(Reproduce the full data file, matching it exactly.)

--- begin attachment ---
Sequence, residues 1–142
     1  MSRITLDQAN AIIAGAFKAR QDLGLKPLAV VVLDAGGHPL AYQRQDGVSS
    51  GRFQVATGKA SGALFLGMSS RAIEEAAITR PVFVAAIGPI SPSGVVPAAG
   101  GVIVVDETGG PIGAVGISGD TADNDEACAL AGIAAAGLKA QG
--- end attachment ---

Sequence, residues 1–142
     1  MSRITLDQAN AIIAGAFKAR QDLGLKPLAV VVLDAGGHPL AYQRQDGVSS
    51  GRFQVATGKA SGALFLGMSS RAIEEAAITR PVFVAAIGPI SPSGVVPAAG
   101  GVIVVDETGG PIGAVGISGD TADNDEACAL AGIAAAGLKA QG